A pioneer of evidence-based healthcare, Nightingale gathered data and statistics to prove the importance of ward design, cleanliness, sanitation, training, infection control, and the compassionate treatment of patients.
There is an urban myth that Florence Nightingale invented the pie-chart. This is not true, but she was a pioneer in using data in her campaigns for social reform. “She knew the power of infographics,” says David Green. “She wrote 14,000 letters to members of the establishment and to get their attention she needed to make her points short and pithy”. In 1858 she became the first woman admitted to the Royal Statistical Society and she would later become an honorary member of the American Statistical Association.
All the while, Nightingale was suffering herself. “She probably had PTSD,” says David Green. Fever, insomnia, exhaustion and depression, all were ignored in her one-woman quest to reform public health care. It would, eventually, catch up with her, but she worked to the end.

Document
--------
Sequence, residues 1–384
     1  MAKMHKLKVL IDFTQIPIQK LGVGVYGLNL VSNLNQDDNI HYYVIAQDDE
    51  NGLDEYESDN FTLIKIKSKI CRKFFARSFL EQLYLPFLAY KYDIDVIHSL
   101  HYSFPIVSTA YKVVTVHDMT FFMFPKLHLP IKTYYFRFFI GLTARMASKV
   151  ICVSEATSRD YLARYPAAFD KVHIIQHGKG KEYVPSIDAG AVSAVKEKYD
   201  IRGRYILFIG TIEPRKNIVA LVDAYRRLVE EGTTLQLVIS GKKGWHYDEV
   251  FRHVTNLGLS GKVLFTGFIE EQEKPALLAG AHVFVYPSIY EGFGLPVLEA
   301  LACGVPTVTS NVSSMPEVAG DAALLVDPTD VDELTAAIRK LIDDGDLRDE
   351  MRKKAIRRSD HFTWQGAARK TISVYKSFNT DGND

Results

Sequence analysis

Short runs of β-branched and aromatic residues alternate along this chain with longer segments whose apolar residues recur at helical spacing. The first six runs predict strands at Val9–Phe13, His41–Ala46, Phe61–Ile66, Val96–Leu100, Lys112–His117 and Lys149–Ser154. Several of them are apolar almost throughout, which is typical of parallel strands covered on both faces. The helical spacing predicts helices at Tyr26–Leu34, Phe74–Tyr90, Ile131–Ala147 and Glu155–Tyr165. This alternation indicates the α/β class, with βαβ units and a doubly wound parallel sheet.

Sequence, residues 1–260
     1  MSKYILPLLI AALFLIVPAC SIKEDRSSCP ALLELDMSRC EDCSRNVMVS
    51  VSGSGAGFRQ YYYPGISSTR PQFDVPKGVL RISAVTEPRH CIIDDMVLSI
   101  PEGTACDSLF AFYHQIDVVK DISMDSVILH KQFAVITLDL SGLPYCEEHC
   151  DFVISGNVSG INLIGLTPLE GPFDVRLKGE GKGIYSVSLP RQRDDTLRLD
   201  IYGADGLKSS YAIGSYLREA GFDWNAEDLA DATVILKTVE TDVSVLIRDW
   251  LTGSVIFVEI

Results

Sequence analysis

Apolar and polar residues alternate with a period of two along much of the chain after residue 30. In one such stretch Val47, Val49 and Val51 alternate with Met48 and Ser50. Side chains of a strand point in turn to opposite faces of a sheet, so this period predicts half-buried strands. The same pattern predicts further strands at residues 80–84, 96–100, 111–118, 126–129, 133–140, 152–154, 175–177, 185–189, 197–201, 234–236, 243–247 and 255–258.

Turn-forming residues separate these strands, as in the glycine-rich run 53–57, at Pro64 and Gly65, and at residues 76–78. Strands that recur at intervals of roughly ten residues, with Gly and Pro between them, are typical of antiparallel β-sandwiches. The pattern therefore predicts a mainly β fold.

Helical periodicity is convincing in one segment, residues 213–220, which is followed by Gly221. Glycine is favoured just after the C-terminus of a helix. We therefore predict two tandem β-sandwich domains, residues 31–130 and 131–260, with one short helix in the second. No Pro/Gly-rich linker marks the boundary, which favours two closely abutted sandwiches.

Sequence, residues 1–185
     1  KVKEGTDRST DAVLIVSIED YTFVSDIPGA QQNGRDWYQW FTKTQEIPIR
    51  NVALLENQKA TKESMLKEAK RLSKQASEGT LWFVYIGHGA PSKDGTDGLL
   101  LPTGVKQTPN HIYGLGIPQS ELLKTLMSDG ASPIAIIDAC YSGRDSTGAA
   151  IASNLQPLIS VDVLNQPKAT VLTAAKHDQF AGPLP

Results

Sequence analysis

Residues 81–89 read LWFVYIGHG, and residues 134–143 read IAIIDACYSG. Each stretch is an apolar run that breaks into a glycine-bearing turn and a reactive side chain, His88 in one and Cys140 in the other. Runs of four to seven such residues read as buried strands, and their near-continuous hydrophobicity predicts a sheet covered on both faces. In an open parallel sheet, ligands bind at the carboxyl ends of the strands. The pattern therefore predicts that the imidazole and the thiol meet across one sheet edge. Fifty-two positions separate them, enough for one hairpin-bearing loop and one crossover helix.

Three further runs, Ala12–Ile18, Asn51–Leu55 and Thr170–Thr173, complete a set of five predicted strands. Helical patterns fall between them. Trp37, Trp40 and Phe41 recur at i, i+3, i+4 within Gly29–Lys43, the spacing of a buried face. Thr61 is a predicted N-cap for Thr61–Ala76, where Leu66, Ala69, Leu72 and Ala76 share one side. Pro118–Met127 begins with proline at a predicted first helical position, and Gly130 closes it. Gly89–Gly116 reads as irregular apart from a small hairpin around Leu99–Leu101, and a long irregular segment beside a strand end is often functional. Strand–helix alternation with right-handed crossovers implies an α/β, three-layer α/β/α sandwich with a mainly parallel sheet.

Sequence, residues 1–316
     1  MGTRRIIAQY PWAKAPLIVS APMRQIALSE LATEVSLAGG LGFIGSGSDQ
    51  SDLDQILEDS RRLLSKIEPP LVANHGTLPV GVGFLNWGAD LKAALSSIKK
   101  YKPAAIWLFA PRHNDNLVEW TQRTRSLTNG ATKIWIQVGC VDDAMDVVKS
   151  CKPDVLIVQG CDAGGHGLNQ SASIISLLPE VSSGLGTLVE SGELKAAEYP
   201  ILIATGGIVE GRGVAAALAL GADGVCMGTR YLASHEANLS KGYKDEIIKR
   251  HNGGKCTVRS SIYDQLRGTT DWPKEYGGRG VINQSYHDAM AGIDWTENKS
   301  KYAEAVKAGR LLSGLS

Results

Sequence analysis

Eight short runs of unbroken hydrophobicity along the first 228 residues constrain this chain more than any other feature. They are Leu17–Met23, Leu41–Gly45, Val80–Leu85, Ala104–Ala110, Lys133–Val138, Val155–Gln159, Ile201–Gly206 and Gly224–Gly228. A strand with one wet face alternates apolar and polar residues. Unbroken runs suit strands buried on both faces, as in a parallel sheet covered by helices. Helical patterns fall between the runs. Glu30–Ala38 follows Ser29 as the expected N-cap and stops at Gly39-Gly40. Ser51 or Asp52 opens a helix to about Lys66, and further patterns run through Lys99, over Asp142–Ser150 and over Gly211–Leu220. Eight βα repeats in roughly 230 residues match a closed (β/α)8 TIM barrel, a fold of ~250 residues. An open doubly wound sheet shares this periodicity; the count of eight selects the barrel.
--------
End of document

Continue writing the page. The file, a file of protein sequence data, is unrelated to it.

Florence Nightingale died in 1910, at the age of 90. Her fame has never wavered. Between 1975 and 1992, she was the face of the £10 banknote. More recently, the museum has worked with Mattel to create a Florence Nightingale Barbie doll. Both are in the exhibition, as is a recording of her voice, made in 1890.
David Green is in no doubt about Nightingale’s legacy. “The whole of the country is practicing methods taught by Florence Nightingale. She would be proud, as we all are of all of the healthcare workers who are working on the front line to treat patients, fight the infection and reduce casualties.”
The Florence Nightingale Museum is housed in Guys and St Thomas Hospital, on the site of the original Nightingale Training School. For more information visit florence-nightingale.co.uk .